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Re: Comment on obliterate functional specification

From: <account_at_zulutime.net>
Date: Thu, 5 Feb 2009 18:08:17 -0800 (PST)

Agreed, as I mentioned this is intended "somewhere early in a
revised functional specification", it is not supposed to be the
complete specification.

The two issues you mention do indeed need to be agreed on.
However, I would like to note here that in my opinion:

1. Given a MODIFIED repository, property 3 of the definition
   quaranties that space can be reclaimed and data completely
   removed from the repository through a svnsync->replace cycle.
   (Since svnsync must by definition see the repository as
   it would have been had the obliterated revisions never
   been committed).

2. The sync->replace cycle approach to obliteration was
   originally suggested by Karl Fogel (although I believe
   he envisioned the obliteration logic as residing in the
   sync-type program itself, rather than using svnsync as-is).

   For an utter and complete removal from the repository, I
   believe that such a sync->replace cycle (perhaps made
   transparent by encapsulating it in a single operation)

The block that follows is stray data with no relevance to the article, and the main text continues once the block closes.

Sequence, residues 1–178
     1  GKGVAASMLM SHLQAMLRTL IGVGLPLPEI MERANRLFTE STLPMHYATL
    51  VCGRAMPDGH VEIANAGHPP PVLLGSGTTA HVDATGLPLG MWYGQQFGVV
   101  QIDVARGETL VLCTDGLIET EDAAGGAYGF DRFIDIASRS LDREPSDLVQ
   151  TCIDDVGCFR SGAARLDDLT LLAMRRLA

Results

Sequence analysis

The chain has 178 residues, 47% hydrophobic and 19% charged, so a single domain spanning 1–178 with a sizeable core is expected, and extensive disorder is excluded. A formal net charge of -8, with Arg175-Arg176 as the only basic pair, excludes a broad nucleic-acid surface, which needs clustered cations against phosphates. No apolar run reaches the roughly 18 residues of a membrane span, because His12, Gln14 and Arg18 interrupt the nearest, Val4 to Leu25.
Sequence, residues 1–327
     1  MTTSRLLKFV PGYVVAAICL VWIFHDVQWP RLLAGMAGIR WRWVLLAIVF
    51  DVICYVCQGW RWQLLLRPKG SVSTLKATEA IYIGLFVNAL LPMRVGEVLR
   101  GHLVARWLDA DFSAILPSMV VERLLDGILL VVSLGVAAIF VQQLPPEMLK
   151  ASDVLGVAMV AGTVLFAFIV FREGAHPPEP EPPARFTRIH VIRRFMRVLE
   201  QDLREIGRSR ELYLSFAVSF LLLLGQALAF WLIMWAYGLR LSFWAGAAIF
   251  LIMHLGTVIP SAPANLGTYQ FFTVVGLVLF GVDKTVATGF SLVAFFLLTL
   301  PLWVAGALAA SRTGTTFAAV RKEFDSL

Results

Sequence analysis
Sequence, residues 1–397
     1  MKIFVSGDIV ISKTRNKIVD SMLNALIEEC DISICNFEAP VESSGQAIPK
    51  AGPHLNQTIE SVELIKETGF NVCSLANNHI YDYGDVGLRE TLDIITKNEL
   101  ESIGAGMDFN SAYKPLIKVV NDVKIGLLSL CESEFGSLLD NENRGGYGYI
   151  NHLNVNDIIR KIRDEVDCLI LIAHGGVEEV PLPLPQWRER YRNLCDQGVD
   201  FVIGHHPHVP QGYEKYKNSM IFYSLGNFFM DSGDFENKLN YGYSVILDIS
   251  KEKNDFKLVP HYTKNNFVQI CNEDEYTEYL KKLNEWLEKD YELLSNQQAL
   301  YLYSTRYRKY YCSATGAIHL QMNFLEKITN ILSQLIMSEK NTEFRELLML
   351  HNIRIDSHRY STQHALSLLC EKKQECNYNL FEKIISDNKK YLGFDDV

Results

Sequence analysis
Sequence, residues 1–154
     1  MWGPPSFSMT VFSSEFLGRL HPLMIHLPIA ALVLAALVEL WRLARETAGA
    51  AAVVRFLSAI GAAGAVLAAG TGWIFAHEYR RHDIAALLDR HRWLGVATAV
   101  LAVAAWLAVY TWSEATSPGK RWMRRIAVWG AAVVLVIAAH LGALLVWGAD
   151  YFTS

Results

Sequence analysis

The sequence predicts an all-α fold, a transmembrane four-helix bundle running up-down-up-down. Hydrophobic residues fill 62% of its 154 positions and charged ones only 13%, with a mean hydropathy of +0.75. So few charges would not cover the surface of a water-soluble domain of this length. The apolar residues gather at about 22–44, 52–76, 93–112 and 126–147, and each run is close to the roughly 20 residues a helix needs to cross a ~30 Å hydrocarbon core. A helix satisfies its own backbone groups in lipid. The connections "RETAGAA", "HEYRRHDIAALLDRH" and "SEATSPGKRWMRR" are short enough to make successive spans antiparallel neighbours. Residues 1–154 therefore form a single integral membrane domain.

is the best that can be achieved without vastly
   complicating the operation. The reason:
     If the repository is traversed from revision 0 up to HEAD, it
     is close to impossible to know if a (much) later revision
     includes paths copied from the obliterated sets (in which
     case the data would be lost). Thus, the operation would first
     need to compile a list of every single copy operation, check
     every obliteration against this list, and store the data
     somewhere before removing it from the repository.
     If the repository is traversed from revision HEAD down to 0,
     it will, upon encountering an obliterated modification at
     revision N, merge that modification with whatever happened
     at revision N+1. If it then encounters a modification of the
     same path at revision N-1, it will have to go back to
     N+1 to merge the N-1 mod with the joint N and N+1 mod. This
     means that in doing the obliteration, a revision can not
     be finalized until the obliteration is over. Furthermore,
     whenever a copy is encountered, logic must be applied to
     figure out where it should originate AFTER obliterations
     are performed, and it rewritten. (This might require it to
     be rewritten in a way that is not consistent with the
     earlier revision as it is occurs BEFORE modification)
     Thus to sum up: Any "true" obliteration mechanism
     that does not have access to the complete data of the
     original repository during the whole obliteration operation
     will become hopelessly nonlinear in any scenario, and close
     to impossible to implement on a live repository. My functional
     specification will therefore not require such an approach.

Received on 2009-02-06 11:15:23 CET

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